withdrawal into, the cabinet of ‘hands,’ ‘arms,’ and ‘tubes,’
some perfectly formed. . . .
‘‘. . . the following scientists have been present at the Rudi
experiments Lord Rayleigh, Prof. A. O. Rankine, F. C. S.
Schiller, Dr. William Brown, Prof. Nils von Hofsten, Prof. A.
F. C. Pollard, Mr. C. E. M. Joad, Mr. A. Egerton, Prof. A. M.
Low, Dr. Braun, Dr. David Efron, Dr. Eugen Osty and Dr.
Jeans.’’
After the end of the séance on April 15, Price casually remarked
to journalist Hannen Swaffer that he would give a
thousand pounds to any person who could produce the same
effects under identical conditions, provided that if the person
failed he would pay a like sum to the laboratory. This was published
as a challenge in the Daily Express and other papers. ‘‘No
one appeared,’’ wrote Harry Price, ‘‘to want a thousand
pounds, and the magical fraternity showed a sudden and
strange lack of interest in psychic things. . . . What baffled magicians
was the fact that the phenomena occurred inside the
cabinet while Rudi was outside, nearly five feet away.’’
Will Goldston, the famous stage magician, attended some
séances and declared that under the same conditions a whole
group of prestidigitators could not produce the phenomena
which he witnessed.
As regards the personality, ‘‘Olga’’ ‘‘After many séances and
‘confidential talks’ with her,’’ wrote Harry Price, ‘‘I am completely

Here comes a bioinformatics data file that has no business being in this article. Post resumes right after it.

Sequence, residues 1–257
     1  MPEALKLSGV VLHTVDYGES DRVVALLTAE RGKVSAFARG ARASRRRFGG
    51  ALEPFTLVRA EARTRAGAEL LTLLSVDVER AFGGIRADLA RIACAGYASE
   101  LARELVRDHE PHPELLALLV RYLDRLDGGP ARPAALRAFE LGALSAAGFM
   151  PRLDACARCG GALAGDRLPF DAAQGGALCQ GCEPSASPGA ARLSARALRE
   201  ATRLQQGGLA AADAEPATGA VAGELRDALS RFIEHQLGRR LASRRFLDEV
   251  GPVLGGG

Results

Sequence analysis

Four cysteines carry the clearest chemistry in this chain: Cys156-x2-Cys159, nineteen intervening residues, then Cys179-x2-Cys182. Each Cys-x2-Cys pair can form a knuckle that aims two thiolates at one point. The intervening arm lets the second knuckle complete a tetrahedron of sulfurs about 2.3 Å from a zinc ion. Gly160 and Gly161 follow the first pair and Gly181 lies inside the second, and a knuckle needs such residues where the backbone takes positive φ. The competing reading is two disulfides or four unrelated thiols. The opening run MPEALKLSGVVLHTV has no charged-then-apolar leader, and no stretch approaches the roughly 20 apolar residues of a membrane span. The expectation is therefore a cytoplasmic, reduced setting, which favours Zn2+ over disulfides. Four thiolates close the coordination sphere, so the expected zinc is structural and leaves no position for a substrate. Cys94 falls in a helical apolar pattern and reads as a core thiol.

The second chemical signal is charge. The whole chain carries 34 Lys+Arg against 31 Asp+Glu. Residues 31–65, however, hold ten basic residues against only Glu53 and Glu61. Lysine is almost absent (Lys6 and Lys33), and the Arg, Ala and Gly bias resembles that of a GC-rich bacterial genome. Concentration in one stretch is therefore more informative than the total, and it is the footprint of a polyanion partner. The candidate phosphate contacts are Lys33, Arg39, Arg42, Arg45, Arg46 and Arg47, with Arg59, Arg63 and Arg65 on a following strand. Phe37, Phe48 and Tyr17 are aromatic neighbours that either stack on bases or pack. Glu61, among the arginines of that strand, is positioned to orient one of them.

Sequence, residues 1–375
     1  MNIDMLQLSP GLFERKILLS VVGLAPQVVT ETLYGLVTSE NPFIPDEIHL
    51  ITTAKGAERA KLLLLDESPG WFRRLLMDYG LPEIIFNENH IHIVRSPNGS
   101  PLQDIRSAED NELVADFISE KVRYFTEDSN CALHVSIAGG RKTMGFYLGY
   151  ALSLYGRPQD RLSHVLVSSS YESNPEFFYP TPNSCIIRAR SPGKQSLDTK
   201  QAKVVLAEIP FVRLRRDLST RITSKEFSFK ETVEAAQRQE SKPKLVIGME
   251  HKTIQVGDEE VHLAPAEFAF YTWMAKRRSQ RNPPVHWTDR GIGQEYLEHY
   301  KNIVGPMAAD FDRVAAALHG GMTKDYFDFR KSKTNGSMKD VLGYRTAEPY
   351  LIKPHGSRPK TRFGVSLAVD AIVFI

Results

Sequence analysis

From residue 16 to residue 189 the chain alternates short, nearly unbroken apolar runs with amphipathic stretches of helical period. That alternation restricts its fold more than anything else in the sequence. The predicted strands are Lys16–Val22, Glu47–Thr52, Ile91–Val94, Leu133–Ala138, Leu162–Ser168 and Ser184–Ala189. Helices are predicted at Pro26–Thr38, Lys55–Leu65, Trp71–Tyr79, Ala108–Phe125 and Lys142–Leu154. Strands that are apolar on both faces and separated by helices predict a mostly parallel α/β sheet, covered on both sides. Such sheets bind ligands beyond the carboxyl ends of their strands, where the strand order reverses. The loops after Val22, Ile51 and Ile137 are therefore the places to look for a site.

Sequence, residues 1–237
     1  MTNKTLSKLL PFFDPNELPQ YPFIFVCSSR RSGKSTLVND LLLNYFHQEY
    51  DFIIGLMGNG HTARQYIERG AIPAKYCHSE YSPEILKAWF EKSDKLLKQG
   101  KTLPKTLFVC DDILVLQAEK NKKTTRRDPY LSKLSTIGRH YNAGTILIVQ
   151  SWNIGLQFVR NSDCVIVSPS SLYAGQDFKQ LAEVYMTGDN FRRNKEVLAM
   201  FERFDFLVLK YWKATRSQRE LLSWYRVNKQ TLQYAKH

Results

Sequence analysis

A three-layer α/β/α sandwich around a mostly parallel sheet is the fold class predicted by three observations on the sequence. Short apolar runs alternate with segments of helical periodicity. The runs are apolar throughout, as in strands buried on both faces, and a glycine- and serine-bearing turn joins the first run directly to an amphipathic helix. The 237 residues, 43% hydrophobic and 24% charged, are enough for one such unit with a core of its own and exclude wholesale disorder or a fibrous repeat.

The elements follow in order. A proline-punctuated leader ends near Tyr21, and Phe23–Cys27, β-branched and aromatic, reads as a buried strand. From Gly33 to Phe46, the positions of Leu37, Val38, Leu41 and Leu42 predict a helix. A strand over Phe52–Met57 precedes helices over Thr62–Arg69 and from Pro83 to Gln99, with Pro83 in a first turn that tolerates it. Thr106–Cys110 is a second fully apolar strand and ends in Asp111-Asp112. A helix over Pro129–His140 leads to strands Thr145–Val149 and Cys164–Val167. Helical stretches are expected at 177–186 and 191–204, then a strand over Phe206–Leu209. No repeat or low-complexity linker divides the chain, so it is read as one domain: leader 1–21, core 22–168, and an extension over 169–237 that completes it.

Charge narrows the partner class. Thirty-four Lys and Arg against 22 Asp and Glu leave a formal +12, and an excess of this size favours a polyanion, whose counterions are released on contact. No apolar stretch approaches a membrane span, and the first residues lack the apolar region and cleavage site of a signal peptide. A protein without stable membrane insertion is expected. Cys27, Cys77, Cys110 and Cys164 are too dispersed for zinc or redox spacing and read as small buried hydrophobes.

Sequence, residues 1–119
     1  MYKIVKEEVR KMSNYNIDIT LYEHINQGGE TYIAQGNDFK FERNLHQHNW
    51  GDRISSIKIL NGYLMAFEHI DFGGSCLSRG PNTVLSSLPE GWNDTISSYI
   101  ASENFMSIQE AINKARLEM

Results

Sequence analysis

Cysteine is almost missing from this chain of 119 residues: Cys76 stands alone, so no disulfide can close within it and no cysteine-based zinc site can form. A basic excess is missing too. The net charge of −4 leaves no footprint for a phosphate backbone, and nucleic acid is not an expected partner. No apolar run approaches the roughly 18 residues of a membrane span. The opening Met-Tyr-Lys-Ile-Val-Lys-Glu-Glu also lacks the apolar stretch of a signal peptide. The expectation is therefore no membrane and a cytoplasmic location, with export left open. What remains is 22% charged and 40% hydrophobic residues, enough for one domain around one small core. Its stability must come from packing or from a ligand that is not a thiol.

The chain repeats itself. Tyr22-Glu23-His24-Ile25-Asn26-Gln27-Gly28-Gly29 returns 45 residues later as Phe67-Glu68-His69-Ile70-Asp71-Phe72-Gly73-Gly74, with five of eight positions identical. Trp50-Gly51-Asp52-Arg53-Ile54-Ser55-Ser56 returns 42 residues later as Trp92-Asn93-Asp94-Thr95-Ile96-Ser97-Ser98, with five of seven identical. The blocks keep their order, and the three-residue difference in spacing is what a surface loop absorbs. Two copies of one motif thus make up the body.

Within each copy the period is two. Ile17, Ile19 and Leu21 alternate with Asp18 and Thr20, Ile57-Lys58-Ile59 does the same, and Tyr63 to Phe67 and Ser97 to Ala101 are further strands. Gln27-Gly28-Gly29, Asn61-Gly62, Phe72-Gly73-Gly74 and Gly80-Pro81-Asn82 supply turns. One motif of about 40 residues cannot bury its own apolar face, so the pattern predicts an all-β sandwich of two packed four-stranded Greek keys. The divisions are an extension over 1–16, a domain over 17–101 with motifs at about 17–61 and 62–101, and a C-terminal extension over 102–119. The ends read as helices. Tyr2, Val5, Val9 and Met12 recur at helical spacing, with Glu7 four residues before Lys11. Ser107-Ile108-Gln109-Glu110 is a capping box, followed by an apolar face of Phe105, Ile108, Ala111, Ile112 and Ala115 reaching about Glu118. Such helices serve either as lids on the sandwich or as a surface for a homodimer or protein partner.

at a loss to know whether she is really a figment of Rudi’s
subconscious mind or actually a discarnate entity.’’ After the experiments
were over, Harry Price handed a certificate to Rudi
Schneider on behalf of the Council of the National Laboratory
of Psychical Research, stating that absolutely genuine phenomena
have been produced through his mediumship. He added
‘‘If the Laboratory issued a ‘gold medal,’ or ‘diploma’ for
genuine mediumship under our own scientific conditions, we
should have no hesitation in awarding it to Rudi. I know of no
other physical medium who could claim it—except perhaps
Miss Stella C. . . . If Rudi were to be ‘exposed’ a hundred times
in the future it would not invalidate or affect to the slightest degree
our considered judgment that the boy has produced genuine
abnormal phenomena while he has been at the National
Laboratory of Psychical Research.’’
The Schneider brothers did not accept payment for their
services. In London, Rudi was only paid as much as he would